The anti-independence side has said it might reject the results of the referendum, which could plunge the country into full-scale civil war. Although the vast majority of East Timorese are believed to support independence after 24 years of Indonesian military occupation, the anti-independence militias are well armed and are known to have backing from hard-line elements of the Indonesian military.

Fearing a slide into anarchy, East Timorese scrambled to leave the territory tonight, crowding onto a dock and looking for space on the next passenger ship out. Eurico Guterres, who commands the Aitarak, or "Thorn," militia, has said his men will block any East Timorese trying to flee as a way to force those "political elite" who voted for independence to stay and suffer the consequences of what he predicted would be civil war.

In another bold show of force today, Guterres led his militiamen at the head of a huge funeral cortege for a member said to have been killed last weekend by pro-independence forces. The funeral became a militia rally of sorts, with several hundred militiamen in their characteristic black T-shirts and berets, standing at attention and then saluting as the body was lowered into the ground.

The calls for an international peacekeeping force escalated even before the attack outside U.N. headquarters. The British charity Oxfam said in a statement that the most recent violence showed "some kind of peacekeeping force is needed now, not after hundreds more have been killed in the retribution that will follow a vote for independence."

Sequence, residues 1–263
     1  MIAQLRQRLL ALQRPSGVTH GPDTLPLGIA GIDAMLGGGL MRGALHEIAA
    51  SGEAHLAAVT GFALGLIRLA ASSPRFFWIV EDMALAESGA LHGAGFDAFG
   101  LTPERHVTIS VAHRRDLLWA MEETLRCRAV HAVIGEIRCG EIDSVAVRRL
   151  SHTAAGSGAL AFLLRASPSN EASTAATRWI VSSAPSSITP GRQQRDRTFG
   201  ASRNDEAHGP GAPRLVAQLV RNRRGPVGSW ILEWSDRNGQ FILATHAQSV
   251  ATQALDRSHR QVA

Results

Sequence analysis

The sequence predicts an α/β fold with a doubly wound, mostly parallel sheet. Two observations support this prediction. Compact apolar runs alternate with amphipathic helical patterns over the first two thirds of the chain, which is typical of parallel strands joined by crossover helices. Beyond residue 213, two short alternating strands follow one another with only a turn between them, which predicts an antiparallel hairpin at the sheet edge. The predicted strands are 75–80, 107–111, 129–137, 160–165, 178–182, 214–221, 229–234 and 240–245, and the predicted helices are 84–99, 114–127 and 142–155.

The Australia East Timor International Volunteers Project, a coalition of aid groups that sent observers here for the voting, called for "an armed international peace enforcement or peacekeeping mission under the auspices of the United Nations."

Just before the vote, a U.S. congressional delegation led by Sen. Tom Harkin (D-Iowa) also called for international peacekeepers to be sent urgently to East Timor to end the militia violence.

Some Timorese activists agreed. "What we need is a peacekeeping force--I feel that is the only way it can be resolved," said Aniceto Gutteres Lopes, a human rights lawyer and director of the Legal Aid, Human Rights and Justice Foundation. "The situation is getting worse. The militias are in control of the towns, and there's no guarantee the police will take care of it."

The Indonesian army, he said, "whether or not they win [the referendum], must save face. That is why they may not accept the result. We're afraid the militias now fear they are going to lose. Is the army going to be responsible for the situation here?"

CAPTION: Two days after participating in independence/autonomy referendum in East Timor, residents of Dili neighborhood flee rampaging militias. During the 90-minute siege near U.N. compound, more than 200 people sought safety in facility.